The word ‘hustle’ has several meanings. The definitions you would find in the dictionary are: To push roughly; jostle; obtain illicitly or by forceful action; a state of great activity, a fraud or swindle. If those don’t sound bad enough, the word ‘hustle’ has taken on a new millennial / Gen Z persona; and an entire culture has been created around it.
You would have seen it on instagram – the hashtag ‘hustle’ has been used on 27.8 million posts, and that’s not including all the other iterations such as ‘hustlers’, ‘hustlehard’, ‘hustleharder’, ‘hustlemode’… you get the idea… Hustle culture is the urge (or pressure?) we currently seem to feel to work harder, stronger, faster. To grind and exert ourselves at our maximum capacity day after day, and accomplish our goals at a lightning speed. Entrepreneurs especially, seem to have gravitated to the word as some sort of badge of honour to prove they are working harder than anyone else, and somehow this means they will reach success faster, or in greater amounts than others.
Is this what is required of us in order to succeed? It absolutely can’t be, because our power as business owners, entrepreneurs, creatives and humans, lies in the ability to carve out our own path. To go at our own pace. We were taught that slow and steady wins the race – what happened to that?! When did we all just collectively decide to be in a frenzied rush, in constant competition with ourselves and others? Hustling – working non-stop, rushing from one meeting to another, clicking the next Zoom link, ticking off tasks, and not making time for anything other than work, glued to your digital devices – is not realistic, it’s not sustainable and it’s not healthy.
We are not machines. We are meant to stop, have breaks, enjoy conversation and connection with others, gather ideas and seek inspiration. We are meant to move our bodies (and no, that doesn’t mean walking from the computer to the kitchen), sleep well, indulge in hobbies and passions that are separate from work, and find fulfillment and meaning in our lives. Ignoring all other human pursuits for the sake of the hustle, means we will only ever end up as a one dimensional, jumbled mess of stress and anxiety.
I started my business largely because of the flexibility and the type of lifestyle my business could provide. I envisioned a beautiful balance of career and family, with the freedom to choose my hours, work when it suited me, and the ability to put the phone down when necessary. Now, call me naive but starting my business actually meant I worked harder, for longer hours and got paid less than ever before. The Vibe Tribe has been operating for several years and it’s only now – 5 years in business and 2 years into a global pandemic – that I realised that I had fallen into the dreaded hustle culture. Thankfully I recognised it quickly. I saw it for what it was and took off the ‘I have to work’ blinkers. I completely understood that if I didn’t find my version of balance and boundaries, then it would be my undoing.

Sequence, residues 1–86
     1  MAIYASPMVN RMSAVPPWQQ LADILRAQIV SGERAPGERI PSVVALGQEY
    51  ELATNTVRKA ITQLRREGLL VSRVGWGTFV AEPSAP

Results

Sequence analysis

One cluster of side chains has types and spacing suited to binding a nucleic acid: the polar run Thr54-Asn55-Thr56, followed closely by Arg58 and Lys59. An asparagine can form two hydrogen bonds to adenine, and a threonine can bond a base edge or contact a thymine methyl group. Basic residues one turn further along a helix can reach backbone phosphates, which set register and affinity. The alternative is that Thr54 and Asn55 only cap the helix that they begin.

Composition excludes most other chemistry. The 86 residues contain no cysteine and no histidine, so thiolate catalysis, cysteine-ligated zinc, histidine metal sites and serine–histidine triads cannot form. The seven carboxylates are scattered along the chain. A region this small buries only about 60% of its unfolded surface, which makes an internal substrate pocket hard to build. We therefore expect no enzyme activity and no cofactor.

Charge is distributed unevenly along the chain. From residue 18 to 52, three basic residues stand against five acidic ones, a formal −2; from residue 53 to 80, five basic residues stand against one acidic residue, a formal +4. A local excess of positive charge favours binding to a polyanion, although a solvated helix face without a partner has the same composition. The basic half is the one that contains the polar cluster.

There is no ‘one size fits all’ answer, as everyone is different. But for me, I started with creating a routine centered around my wellbeing. My health became my priority, not my work. If I am healthy, then everything flows down from that – I am happier, I am more productive, more creative. I am a better business leader, wife, mother, person when I am healthy.
I try to go for a long walk in the mornings. Sometimes just by myself with a podcast or music in my headphones at a fast pace, sometimes I take my daughters and enjoy finding flowers, talking about clouds and going a little slower.
I researched and invested in scheduling and automation strategies so my business doesn’t require me 24/7 and I poured money into learning so I can grow as a business leader and work smarter, not harder. I also mandated mental health days, or blocks of time throughout the day where no phones are allowed, and I give myself permission to not be attached to my desk or computer.
I created boundaries and clear times when I would be available to clients. I stopped replying to emails late at night. I don’t accept rush jobs that will cause unnecessary stress, and I charge what I’m worth. This means I can be more selective with my clients and projects, giving me more control of my time.
I let go of the false narrative that ‘the business will fall apart without me’ and trusted my team to complete their work independently. I don’t need to be involved in every piece of the puzzle. It helps to have great people around you, but trust me – your business will not collapse if you take a day or even a week off. But you might, if you don’t.
Hustling doesn’t serve me (or you) – there isn’t a medal for ‘busiest person’, and even if there was, I wouldn’t want it. I refuse to sacrifice sleep, good nutrition, quality family time and exercise. If achievements are always at the centre of our goals and ambitions then what happens in the inbetween? The joys of the day to day, the infinite tiny details that make up one great life? I don’t want to miss those. What is the point of running yourself ragged to then be too exhausted to enjoy the wins?
So, I urge you to please take your time. Take care of yourself. And, whenever you find yourself rushing through life for the sake of your work, take a step back and ask: “Why?” Let’s all slow down. Let’s choose being productive and paid, over busy and booked. Let’s not feel bad for being bold, creating boundaries and sticking to them. Let’s encourage and embrace self care. Let’s stop living and dying by the hustle metre. Cos that whole hustle culture? Well that’s the biggest swindle of all time.